Barnard, Thomas (DNB00)
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BARNARD, THOMAS, D.D. (1728–1806), bishop of Limerick, was the eldest son of Dr. William Barnard, bishop of Derry [q. v.], and was born in or about 1728. He was educated at Westminster School, and admitted a king's scholar in 1741, being then thirteen years of age (Welch, Alumni Westmon. ed. Phillimore, 324). He graduated M.A. at Cambridge in 1749; was collated to the archdeaconry of Derry on 3 June 1761, when he was created D.D. by the university of Dublin; was instituted to the deanery of Derry on 2 June 1769; was consecrated bishop of Killaloe and Kilfenora on 20 Feb. 1780; was translated to the united sees of Limerick, Ardfert, and Aghadoe by patent dated 12 Sept. 1794; and died on 7 June 1806 at Wimbledon, in the house of his only son, Andrew Barnard, husband of Lady Anne [q. v.]
He married first the daughter of William Browne, Esq., of Browne's Hill, county Carlow; secondly, in 1803, Jane, daughter of John Ross-Lewin, Esq., of Fort Fergus, county Clare.
Dr. Barnard was elected a fellow of the Royal Society on 29 May 1783, and was a member of most of the literary societies in the United Kingdom, particularly of the famous club to which Garrick, Johnson, Burke, Sir Joshua Reynolds, Cumberland, and Goldsmith also belonged. Goldsmith, in the ‘Retaliation,’ describes him as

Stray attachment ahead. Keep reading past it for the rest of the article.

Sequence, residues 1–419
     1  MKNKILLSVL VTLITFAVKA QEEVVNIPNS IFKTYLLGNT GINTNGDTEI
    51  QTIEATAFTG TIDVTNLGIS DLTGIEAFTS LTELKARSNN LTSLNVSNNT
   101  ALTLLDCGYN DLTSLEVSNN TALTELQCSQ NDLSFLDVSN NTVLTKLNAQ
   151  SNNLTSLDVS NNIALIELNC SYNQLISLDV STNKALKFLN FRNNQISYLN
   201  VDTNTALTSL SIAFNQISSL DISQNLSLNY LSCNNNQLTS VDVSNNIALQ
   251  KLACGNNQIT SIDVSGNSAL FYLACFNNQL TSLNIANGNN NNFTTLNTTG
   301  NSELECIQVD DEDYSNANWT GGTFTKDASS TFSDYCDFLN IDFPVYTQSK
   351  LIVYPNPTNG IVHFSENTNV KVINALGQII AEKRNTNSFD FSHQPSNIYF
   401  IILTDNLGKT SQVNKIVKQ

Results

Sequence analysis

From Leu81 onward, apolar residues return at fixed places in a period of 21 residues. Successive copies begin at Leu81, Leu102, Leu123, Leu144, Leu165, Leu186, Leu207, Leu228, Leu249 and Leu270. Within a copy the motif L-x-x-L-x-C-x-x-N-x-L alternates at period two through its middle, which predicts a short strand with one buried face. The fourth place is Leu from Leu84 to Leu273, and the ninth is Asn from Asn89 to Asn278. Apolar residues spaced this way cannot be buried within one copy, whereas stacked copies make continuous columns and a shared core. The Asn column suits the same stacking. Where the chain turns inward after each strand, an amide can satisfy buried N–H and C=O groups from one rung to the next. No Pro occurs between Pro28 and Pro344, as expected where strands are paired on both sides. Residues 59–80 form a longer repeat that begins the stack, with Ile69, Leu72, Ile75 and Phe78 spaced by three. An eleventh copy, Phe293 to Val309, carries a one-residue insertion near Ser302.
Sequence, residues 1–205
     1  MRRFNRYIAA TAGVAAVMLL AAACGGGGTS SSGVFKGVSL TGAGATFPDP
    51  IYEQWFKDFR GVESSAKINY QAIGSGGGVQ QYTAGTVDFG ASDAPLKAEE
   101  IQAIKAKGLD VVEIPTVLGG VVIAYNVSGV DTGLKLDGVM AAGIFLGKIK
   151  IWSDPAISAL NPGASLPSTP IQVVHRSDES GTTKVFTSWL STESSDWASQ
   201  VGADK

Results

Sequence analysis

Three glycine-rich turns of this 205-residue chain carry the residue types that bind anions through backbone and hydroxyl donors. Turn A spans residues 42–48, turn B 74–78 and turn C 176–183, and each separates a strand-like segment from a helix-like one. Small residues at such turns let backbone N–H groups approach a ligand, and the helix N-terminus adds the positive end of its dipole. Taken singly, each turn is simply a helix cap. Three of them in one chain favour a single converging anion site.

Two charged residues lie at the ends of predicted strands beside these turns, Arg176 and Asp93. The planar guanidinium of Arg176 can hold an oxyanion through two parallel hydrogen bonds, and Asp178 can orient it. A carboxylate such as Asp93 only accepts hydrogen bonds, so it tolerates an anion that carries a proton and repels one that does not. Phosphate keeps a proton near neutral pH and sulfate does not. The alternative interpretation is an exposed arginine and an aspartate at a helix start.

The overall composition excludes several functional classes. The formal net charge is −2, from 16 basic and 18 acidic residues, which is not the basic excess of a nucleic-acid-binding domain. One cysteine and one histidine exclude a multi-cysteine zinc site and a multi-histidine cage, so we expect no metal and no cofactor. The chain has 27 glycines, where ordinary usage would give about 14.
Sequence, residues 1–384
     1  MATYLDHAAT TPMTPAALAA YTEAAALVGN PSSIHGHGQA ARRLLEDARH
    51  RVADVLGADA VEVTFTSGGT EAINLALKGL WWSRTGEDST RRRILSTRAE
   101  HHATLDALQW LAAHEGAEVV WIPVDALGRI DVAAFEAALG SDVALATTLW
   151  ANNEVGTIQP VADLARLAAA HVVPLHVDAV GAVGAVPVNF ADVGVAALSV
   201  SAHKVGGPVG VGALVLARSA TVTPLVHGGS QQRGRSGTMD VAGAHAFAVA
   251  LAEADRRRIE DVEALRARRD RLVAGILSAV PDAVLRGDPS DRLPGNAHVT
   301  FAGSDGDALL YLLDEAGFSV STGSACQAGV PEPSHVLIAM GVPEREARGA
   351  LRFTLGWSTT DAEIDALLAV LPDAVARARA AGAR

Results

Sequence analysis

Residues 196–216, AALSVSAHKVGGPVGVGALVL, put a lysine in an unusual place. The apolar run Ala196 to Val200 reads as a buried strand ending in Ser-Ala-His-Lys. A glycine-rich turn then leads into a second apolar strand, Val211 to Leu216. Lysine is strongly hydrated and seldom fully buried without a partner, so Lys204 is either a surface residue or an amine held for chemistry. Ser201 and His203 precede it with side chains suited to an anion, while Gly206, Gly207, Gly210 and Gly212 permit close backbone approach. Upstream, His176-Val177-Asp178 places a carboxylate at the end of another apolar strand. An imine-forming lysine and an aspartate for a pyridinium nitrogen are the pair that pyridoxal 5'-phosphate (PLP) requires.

Ven'son just fresh from the plains;
and in the same poem thus writes his epitaph:—
Here lies the good dean, reunited to earth,
Who mix'd reason with pleasure, and wisdom with mirth;
If he had any faults, he has left us in doubt;
At least in six weeks I could not find them out;
Yet some have declar'd, and it can't be denied 'em,
That Slyboots was cursedly cunning to hide 'em.
The famous encounter with Johnson, who illustrated his favourite position that a man could improve in late life by telling Barnard that there was plenty of room for improvement in him, is told by Richard Burke (letter of 6 Jan. 1773 in Burke's Correspondence (1844), i. 403–7), and by Miss Reynolds (appendix to Croker's Boswell), and is noticed by Boswell (under 1781), who says that the two were afterwards good friends. Miss Reynolds tells the story to show how handsomely Johnson could apologise. Walpole refers to it characteristically in a letter to the Countess of Ossory, on 27 Dec. 1775, after referring to Barnard's well-known verses, which conclude:—
Johnson shall teach me how to place
In fairest light each borrow'd grace;
From him I'll learn to write,—
Copy his clear, familiar style,
And, by the roughness of his file,
Grow, like himself, polite.